On a summer night in 2017, in a dark McDonalds parking lot, nearly empty while the fast food hotspot is closed, there sits one, small car. Inside the car are three people: Monique Lewis, Micah Lewis, and Monet Lewis.
Micah and Monet are Monique’s two young kids. That night, the three of them don’t have a place to sleep, Monique’s car is their only option for shelter. So, the three of them pile in, drive to the empty McDonald’s parking lot, and do their best to sleep in the car before the kids go to school the next morning.
“It broke my heart that my kids and I only had my car,” Lewis says.
At this point, rough nights like this aren’t unusual for Monique and her kids. They’ve been struggling off and on since 2001- the year Monique was let go from her job. After that, Monique and her husband (who is also the father to Micah and Monet) divorced. Things continued to spiral downhill for the next 16 years while Monique took on care of her kids full time, and went from job to job. They were fighting to stay barely above the poverty line in Orange County- a county where the cost of living was said to be 87% higher than the national average in 2018.
Thinking back on an extremely tough moment where she was confronted head on by her kids awareness of their poverty, Lewis reflects on Christmas of 2017.
“I had to tell them that Santa wasn’t coming that year and they said ‘Mom we don’t care as long as we’re together.”
Monique Lewis is no stranger to struggle. She grew up in a broken, low-income home. Her father left the family when she was eight and her mother and grandmother who raised her, both died when Monique was 18. Freshly an adult just finishing high school, Monique and her sister were left with just each other and no one else.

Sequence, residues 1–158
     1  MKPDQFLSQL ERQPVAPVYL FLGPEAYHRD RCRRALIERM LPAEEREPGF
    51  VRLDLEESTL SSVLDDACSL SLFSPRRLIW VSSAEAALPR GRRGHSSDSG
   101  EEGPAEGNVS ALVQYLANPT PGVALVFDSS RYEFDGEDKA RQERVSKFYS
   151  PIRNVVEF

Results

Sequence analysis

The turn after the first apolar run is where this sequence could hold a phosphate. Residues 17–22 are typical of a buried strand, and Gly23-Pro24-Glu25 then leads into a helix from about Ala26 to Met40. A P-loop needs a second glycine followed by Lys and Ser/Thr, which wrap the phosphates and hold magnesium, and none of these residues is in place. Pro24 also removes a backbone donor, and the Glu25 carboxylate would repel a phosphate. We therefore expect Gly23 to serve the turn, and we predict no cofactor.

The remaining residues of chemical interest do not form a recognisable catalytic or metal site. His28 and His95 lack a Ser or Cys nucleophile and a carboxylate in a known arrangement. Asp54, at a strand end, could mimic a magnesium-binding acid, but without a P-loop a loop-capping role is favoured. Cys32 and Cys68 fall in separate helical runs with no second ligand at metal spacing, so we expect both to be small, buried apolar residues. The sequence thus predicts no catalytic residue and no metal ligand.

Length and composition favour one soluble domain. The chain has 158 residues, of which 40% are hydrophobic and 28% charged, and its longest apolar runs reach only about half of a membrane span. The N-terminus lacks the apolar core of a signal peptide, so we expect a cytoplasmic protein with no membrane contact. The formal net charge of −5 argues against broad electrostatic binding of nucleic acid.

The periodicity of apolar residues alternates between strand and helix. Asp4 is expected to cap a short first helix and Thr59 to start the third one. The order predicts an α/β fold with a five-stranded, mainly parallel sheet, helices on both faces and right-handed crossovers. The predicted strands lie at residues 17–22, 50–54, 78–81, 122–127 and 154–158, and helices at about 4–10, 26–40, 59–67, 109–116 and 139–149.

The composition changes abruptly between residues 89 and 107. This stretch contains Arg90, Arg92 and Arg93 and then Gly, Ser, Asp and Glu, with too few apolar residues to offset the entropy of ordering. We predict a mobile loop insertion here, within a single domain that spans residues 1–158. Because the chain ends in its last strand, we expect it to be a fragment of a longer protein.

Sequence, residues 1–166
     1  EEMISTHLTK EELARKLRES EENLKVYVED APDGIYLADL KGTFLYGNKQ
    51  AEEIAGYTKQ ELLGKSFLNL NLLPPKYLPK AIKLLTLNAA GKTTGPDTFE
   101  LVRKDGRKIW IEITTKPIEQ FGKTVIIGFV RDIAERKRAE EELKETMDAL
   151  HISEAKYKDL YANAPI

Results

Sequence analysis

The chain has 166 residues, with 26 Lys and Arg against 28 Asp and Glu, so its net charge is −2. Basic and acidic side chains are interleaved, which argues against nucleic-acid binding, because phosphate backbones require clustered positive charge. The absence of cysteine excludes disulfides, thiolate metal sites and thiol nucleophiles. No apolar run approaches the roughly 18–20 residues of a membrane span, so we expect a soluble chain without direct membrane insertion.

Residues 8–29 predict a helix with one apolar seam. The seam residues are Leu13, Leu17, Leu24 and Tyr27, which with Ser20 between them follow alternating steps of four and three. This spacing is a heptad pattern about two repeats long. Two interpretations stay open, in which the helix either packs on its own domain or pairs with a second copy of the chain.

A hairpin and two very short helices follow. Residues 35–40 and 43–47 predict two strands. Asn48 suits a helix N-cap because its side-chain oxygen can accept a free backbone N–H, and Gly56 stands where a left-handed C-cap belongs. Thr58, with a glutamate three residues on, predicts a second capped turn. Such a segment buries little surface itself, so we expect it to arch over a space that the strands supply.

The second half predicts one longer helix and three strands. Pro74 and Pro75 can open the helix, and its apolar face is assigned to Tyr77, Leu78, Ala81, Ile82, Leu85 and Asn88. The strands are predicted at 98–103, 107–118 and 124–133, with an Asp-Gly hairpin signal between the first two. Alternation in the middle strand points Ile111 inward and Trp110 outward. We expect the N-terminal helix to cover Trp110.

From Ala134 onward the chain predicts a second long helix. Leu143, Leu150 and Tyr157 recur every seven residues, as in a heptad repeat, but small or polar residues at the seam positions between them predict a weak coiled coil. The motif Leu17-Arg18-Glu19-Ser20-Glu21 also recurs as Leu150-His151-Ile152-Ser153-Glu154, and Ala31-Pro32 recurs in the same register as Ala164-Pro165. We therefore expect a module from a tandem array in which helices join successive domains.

In the summer of 2017, it seemed like the life of struggle and poverty was about to get even worse. The Lewis family had been using vouchers at hotels across Orange County in order to be able to afford them. On July 15th the Lewis family had reached the max amount of vouchers they were able to use for that month. Monique Lewis wasn’t sure where she and her kids were going to stay for the rest of the mont. Motels were too expensive, shelters were full, and she wanted to keep her kids close to their schools so things wouldn’t feel as tumultuous. That night, Monique reached her breaking point. She says she went down to the pool of the inn that she and the kids were staying at and started to pray and cry.
“I just said know what to do with them,” she says. ‘Lord I don’t know what you want me to do. You’ve given me these two babies and I don’t know what to do with them."
The next day Lewis had to get on the phone for a quick interview. Given the circumstances, she feels dejected during the call but does her best to keep it together. She says she had hoped she would get the job but she wasn’t counting on it because of how things seemed to be on a continuous downward spiral for years.
Turns out, Monique Lewis was wrong. She got a phone call the next day saying she’d gotten the job. And she got one other phone call...from the HomeAid Family CareCenter. That is the call that she says changed her life. Lewis found out that her family had been accepted to live in the newly opened CareCenter.
“Things just never got really stable for us until after HomeAid,” Lewis explains while getting emotional.
From that point on, life seemed to be getting brighter for the Lewis family. During their time in the Family CareCenter they were approved for an affordable apartment through Mercy House, Monique got a promotion at her job, and the kids both decided they wanted to work to help support the family as soon as they hit the legal working age.
“I’ve never told God to bless someone through homelessness like he did with me and my kids. But without Mercy House and Homeaid Orange County we wouldn’t have made it.”